What comes to your mind when someone says, let's pray the Lord's Prayer? You likely think of the prayer that Jesus taught his disciples to pray, which begins with "Our Father in heaven, hallowed be your name." Though traditionally known as the Lord's Prayer, I prefer to refer to it as the Disciples Prayer since Jesus gave it to his disciples as a divine pattern for the way they were to pray (notice that the prayer includes the disciples asking for the forgiveness of their sins which our sinless Savior did not need to do)!
When I think about The Lord's Prayer I think about the prayer that Jesus prayed in John 17 before going to the cross which begins with Him lifting up His eyes to heaven and praying;
"Father, the hour has come, glorify Your Son, that the Son may glorify You, even as You gave Him authority over all flesh, that to all whom You have given Him, He may give eternal life. (John 17:1)
After he prays for himself and his disciples, he prays for all believers:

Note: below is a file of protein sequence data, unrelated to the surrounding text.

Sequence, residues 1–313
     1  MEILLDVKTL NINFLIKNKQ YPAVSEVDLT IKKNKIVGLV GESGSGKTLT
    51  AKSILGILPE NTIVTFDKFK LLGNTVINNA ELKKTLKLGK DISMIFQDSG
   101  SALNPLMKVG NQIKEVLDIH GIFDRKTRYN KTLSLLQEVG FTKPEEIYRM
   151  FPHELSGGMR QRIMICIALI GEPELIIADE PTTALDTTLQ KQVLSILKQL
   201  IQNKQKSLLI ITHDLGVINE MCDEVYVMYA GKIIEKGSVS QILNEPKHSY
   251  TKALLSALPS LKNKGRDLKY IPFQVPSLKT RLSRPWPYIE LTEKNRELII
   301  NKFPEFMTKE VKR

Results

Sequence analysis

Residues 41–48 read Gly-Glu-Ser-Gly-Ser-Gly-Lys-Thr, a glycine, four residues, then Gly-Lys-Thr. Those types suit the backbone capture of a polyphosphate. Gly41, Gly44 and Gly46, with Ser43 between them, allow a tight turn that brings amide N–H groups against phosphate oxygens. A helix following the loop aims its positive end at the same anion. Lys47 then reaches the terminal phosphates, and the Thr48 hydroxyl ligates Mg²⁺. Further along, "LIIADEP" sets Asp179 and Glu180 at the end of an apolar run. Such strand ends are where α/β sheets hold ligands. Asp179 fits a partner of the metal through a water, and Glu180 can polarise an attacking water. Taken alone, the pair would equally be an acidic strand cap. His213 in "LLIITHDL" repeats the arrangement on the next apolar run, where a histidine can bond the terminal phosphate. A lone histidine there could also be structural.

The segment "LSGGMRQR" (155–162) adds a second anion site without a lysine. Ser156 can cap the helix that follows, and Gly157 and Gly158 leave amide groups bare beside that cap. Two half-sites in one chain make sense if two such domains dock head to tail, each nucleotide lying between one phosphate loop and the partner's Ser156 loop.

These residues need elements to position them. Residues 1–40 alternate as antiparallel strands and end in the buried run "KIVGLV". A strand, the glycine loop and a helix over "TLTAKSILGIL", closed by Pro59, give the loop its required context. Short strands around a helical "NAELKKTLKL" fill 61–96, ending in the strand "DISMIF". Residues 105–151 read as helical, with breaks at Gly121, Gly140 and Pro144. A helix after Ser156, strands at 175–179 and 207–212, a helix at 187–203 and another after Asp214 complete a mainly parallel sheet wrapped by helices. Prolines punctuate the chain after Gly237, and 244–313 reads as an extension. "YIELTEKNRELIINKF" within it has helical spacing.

"I ask on their behalf; I do not ask on behalf of the world, but of those whom You have given Me, for they are Your's, and all things that are Mine are Yours, and Yours are Mine, and I have been glorified in them. I am no longer in the world, and yet they are in the world, and I come to You. Holy Father, keep them in Your name, the name you have given Me, that they may be one even as We are." (John 17:9-11)
This Sunday, we will be reflecting on the Lord's Prayer in John 17; and how we can be an answer to our Savior's prayer as we move forward into the future.
Looking forward to our time of worship this Sunday!
The Rev. Dean F. Schultz - Christ The Redeemer Church in Springfield, VA